UBC Theses and Dissertations
Is nuclear deterrence rational? Otterstein, Roland O.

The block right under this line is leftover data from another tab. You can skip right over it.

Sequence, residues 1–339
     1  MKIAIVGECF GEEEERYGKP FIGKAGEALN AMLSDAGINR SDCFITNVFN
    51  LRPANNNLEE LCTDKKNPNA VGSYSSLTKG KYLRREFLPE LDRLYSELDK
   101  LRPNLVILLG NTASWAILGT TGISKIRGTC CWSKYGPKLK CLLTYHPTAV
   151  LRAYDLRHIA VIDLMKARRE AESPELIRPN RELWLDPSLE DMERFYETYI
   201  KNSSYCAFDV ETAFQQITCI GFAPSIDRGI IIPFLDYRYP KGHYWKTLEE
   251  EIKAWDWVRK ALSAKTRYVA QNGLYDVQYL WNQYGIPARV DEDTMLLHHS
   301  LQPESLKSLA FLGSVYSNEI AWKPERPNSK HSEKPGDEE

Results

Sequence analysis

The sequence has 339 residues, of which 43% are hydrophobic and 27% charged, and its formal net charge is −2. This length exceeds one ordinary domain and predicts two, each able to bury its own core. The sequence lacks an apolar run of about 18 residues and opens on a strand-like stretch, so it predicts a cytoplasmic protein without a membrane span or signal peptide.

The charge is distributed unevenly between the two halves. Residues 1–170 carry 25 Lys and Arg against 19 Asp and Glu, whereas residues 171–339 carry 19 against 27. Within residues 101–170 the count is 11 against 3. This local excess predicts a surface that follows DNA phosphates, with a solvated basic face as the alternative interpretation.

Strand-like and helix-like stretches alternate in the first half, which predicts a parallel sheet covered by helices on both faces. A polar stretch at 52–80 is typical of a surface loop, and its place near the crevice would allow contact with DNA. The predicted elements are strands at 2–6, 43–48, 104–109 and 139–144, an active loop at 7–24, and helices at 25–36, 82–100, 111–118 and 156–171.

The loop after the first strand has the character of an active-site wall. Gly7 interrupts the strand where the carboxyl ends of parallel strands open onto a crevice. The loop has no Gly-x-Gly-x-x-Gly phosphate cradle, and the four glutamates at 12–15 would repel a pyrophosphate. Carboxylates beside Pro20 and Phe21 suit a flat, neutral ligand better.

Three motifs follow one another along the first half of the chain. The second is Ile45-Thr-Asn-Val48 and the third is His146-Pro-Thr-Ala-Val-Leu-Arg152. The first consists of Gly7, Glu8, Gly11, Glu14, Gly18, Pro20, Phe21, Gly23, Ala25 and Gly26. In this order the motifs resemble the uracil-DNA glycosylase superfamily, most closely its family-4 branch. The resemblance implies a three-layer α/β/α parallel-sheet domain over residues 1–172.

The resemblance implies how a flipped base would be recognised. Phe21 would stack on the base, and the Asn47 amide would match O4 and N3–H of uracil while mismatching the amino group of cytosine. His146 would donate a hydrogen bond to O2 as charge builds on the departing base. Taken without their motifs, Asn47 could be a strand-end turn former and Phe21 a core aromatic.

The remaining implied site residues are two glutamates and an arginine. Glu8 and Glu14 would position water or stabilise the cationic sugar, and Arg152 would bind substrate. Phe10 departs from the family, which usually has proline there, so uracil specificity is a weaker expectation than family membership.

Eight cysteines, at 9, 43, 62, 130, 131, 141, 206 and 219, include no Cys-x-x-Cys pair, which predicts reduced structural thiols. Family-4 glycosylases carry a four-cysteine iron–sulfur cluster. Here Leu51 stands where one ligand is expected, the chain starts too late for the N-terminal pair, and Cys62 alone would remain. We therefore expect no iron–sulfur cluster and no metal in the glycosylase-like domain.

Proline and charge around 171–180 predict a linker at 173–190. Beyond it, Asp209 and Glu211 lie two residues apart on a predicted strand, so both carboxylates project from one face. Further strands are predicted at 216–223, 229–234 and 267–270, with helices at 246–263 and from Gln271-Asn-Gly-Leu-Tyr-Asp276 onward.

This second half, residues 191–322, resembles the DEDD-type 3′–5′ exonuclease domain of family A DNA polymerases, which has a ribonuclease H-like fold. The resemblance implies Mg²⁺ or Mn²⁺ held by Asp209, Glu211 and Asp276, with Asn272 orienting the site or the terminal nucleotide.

In the introduction I give a brief history of the concept of "nuclear deterrence." Next I discuss ways of approaching the subject that conform to popular views. I reject the Scripture's "an eye for an eye" principle as a basis for nuclear strategy decisions and claim that a utilitarian model is acceptable. In Chapter One I discuss cases involving rational opponents who possess large-scale nuclear capability. The discussion focuses on a refutation and counter argument to David Gauthier's view of this sort of case. I claim that we must adopt a model of decision making according to which individual nuclear acts rather than nuclear policies are subjected to rational scrutiny. In Chapter Two I discuss a wide range of nuclear deterrence scenarios and attempt to give a comprehensive analysis of the subject. I discuss what sorts of factors need to be taken into consideration in assessing the rationality of nuclear acts. I construct tables which state under what circumstances initiating or retaliating against an act of nuclear war is rational. In Chapter Three I discuss cases in which a rational country faces an irrational opponent, and conclude that, given that nuclear weapons are quite likely to fall into the hands of an irrational leader, nuclear war is quite likely to occur. In Chapter Four I focus on cases in which countries have the capability to wipe out nearly all of their enemy's weapons in a single attack. I argue that this capability makes nuclear war considerably more likely to occur so that it is rational to avoid it. In Chapter Five I discuss the possibility of limited nuclear attacks. I argue that while such attacks have some chance of being part of rational military strategies, we should concentrate our efforts on building highly effective conventional weapons, since these are less dangerous in the long run. I conclude that we should lessen our dependence on nuclear weapons. I claim that in the majority of cases, nuclear disarmamentis the most rational policy.
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